It was a real thrill to see the whole parish rally around to help in any way that was needed. Men and women worked in shifts day and night, taking messages, going where needed, keeping watch over bodies that were brought to the church for burial services to be held the next day.
All of us will be everlastingly grateful for the thoughtful sympathetic and generous response of the other parishes in the Diocese and over the whole church.
Our hearts were burdened with heaviness that only faith in a Creator and loving God could sustain when the word began to come in of those members of the parish, or loved ones of members of the parish, who were killed, In this list, the following are included: William Howard Fraser, Joseph Edward Gollberg, Mitch­ell Gregory Ellis, Thomas Kleber Moore Sr., Louis George Hoff, Joseph Clarence Luhning Jr., and Henry Sterry.
The following who were killed were husbands, brothers, or fathers of parishioners: Thomas Cooper Dent III. George Chadwick LeGendre, Earl Niles Prosser, Kenneth Eugene Webb, Bernard Gollberg.
May these our people find the joy which God alone can give.

NOTE. (The Rev. Doremus had come to Texas City just 15 days previously.)


Father William Roach, pastor of St. Mary’s Catholic Church, was mortally wounded in the explosion.
Father Carl J. Kermiet, lecturer at the La Porte Seminary, was in Texas City shortly after the explosion. He was appointed to lead the parish pending the naming of a permanent resident pastor.
Within a short time, priests from the surrounding parishes were in Texas City. While administering the last sacraments of the church, some sustained injuries.
Under the capable direction of the combined efforts of St. Mary’s Holy Name Society, the Ladies of the Altar Society, the Seminarians (Paul Takacs, Larry Lee, Richard Meskill, C. F. Quinn and Kenneth Mikulik), the Spanish speaking parishioners of Our Lady of the Snow and St. Mary’s, and the colored people were directed in aiding, consoling and rehabilitating those people who suffered.
  An effort was made to contact all parishioners. No discrimination was made when needy cases arose, however.
 The splendid cooperation of all groups, both civic and material, was sufficient evidence of the recognition each paid the other and the great service rendered to a suffering city.
 The parish suffered a heavy loss, with 40 dead, 11 missing from St. Mary’s; 15 missing, 76 dead, from Our Lady of the Snows.

Pontifical Requiem Mass was offered Thursday, April 17, at St. Mary’s Cathedral by Most Rev. C. E. Byrne, Bishop of Galveston, for Rev. William Roach, pastor of St. Mary’s Church, Texas City.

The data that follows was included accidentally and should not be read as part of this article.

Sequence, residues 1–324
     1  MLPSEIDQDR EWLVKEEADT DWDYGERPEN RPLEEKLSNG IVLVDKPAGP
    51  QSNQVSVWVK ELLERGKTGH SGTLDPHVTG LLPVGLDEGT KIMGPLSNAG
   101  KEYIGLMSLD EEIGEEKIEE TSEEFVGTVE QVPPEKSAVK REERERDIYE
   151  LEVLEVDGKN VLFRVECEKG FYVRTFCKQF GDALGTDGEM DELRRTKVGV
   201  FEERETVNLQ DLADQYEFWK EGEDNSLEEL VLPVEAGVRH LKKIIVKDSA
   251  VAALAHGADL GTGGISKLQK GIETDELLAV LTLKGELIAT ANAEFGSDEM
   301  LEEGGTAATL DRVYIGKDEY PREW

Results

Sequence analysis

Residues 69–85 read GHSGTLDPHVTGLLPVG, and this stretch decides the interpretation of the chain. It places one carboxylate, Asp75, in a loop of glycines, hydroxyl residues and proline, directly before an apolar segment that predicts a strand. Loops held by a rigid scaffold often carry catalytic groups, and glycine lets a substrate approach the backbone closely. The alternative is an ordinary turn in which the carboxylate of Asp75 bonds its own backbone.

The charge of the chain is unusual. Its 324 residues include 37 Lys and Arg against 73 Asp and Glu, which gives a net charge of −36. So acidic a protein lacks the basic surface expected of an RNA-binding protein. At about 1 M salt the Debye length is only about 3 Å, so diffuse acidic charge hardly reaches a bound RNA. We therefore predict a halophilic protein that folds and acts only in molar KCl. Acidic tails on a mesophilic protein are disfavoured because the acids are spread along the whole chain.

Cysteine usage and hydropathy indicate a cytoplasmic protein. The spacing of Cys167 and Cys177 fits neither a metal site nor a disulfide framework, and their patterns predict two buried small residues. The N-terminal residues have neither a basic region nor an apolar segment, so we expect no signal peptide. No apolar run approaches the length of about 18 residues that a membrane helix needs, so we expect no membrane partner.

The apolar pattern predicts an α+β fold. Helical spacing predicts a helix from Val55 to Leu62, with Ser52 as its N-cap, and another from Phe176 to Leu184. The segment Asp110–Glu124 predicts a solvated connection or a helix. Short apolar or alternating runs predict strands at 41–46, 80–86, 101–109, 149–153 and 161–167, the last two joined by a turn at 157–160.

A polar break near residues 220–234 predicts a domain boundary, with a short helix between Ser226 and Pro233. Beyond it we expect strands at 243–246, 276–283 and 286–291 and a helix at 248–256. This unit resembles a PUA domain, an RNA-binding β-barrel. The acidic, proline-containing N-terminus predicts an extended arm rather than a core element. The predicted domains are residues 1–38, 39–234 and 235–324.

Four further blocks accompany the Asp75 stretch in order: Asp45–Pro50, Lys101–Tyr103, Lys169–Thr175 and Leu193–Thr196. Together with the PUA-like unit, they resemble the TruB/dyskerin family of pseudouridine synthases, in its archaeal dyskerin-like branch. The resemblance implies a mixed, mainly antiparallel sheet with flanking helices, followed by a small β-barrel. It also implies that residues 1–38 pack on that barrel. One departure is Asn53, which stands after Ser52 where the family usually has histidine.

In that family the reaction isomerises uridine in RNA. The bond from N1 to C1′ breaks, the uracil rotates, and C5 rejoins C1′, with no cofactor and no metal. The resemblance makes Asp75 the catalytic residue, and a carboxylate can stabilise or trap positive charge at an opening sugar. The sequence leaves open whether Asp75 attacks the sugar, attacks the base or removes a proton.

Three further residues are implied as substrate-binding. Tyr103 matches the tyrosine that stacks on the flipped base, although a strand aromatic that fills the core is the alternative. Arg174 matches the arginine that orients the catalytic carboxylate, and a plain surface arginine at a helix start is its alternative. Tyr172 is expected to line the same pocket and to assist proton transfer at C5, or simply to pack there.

Father Roach died in the Marine Hospital. Galveston, after having received the Last Sacra­ments at the hands of Rev. George Rhein, with Bishop Byrne at the bedside.
His Excellency, celebrant of the Mass, was assisted by Rt. Rev. Daniel P. O’Connell, rector of the Cathedral, an assistant priest; Rev. George Beck was deacon and Rev. John Perusina sub­deacon. Rev. Joseph Dazio served as master of ceremonies.
The responses of the Mass were sung by the choir of St. Mary’s Seminary, La Porte,
About fifty priests were in attendance and all religious orders in Galveston and vicinity were present.
    During the Communion of the Mass, a large number of Father Roach’s parishioners approached the altar rail and received Holy Communion for the repose of the soul of their beloved pastor.
    His Excellency pronounced the final absolution.
    The body of Father Roach, accompanied by his twin brother, Rev. John Roach. Houston. director of Catholic Charities in the Diocese of Galveston; and Rev. John F. Lane, Galveston, was sent to Media, a suburb of Philadelphia, for final rites and burial.

*Information given in the article approved by Rev. J. C. Kermiet.




In the language of the Rt. Rev. Clinton S. Quin, Bishop of the Episcopal Diocese of Texas:
“God had nothing to do with causing the disaster. But He has already done something about it. He has caused help, in the form of men and money, to come to rescue, rebuild and rehabilitate. God is always ready to answer when you call. Be sure you recognize the means He uses.”


What Happened

What the People Said and Did

For the People, by the People

By the Community, State and Nation Part One

By the Community, State and Nation Part Two

By the Community, State and Nation Part Three

Lest We Forget

United We Stand

In God We Trust

Annals of Texas City